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Thousands of Burundians Flee from Pre-Election Violence
The eruption of pre-election violence in Burundi last month has seen over 50,000 people flee to neighbouring countries and threatens to undo some of the most promising developments in recent refugee history in Africa, the United Nations body tasked with protecting displaced people said in Geneva last week.
Despite of weeks of protest, Burundi's president Pierre Nkurunziza formally registered on May 8 to run for a third term. Opponents say that his plan to run again violates the constitution and a peace deal that ended an ethnically-charged civil war in 2005.
On Thursday, May 7, demonstrations against Burundi's president have degenerated into a man being burned alive in the capital, Bujumbura. Protestors said he was a member of the ruling party's youth wing who had attacked them.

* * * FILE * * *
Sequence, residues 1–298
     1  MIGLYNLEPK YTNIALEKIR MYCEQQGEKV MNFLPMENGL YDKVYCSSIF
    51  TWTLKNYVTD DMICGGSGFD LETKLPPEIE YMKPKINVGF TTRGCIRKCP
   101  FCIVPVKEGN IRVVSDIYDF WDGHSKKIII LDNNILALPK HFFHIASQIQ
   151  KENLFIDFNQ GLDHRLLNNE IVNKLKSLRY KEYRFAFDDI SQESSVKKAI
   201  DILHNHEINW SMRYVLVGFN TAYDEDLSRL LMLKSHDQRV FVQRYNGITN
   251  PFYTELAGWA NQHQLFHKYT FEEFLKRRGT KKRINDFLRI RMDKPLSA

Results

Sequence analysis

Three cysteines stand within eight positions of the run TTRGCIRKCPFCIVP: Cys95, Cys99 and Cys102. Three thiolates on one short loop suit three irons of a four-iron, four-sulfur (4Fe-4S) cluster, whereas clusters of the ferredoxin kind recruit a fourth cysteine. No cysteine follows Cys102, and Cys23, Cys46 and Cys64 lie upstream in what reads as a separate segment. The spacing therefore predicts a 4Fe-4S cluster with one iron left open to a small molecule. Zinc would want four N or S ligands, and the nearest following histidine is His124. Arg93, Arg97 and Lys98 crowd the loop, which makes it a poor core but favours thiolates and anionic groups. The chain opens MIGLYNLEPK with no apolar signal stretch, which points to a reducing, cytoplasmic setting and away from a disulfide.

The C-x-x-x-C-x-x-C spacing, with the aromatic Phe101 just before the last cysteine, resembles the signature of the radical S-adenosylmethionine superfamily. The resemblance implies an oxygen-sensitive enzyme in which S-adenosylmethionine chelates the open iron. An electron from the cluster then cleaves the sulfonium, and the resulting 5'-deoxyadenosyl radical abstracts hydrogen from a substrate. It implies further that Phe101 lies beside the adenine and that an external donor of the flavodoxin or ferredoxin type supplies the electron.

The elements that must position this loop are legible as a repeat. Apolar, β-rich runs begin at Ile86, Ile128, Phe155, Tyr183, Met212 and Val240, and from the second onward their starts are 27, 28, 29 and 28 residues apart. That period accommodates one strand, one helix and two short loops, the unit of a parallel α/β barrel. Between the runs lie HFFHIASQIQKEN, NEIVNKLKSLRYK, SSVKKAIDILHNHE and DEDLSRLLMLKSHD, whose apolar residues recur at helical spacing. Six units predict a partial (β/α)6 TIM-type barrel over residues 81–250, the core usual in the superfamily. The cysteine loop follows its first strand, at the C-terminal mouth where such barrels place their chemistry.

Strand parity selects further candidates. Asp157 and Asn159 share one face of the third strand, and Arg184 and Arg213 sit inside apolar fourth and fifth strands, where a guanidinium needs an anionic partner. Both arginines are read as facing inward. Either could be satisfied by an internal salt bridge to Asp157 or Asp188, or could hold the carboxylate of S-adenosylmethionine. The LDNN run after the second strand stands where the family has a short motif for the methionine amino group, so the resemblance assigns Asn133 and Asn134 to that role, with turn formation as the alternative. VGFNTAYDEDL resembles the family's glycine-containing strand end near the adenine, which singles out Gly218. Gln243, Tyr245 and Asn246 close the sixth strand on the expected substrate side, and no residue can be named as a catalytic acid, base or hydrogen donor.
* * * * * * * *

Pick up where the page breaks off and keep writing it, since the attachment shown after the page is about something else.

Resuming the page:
The day when Nkurunziza registered for a third term, hundreds of demonstrators clashed with police in the Nyakabiga district of Bujumbura [...]. Protesters earlier blocked roads and hurled stones at police, who fired tear gas and water cannon to disperse crowds.
In early May, Burundi's Constitutional Court ruled that President Nkurunziza could seek a third term because for his first term he was picked by parliamentarians. Opponents accused the court of bias.
East African foreign ministers have announced a crisis summit to be hold in the week of May 11.
Photo courtesy of Igor R. Photography.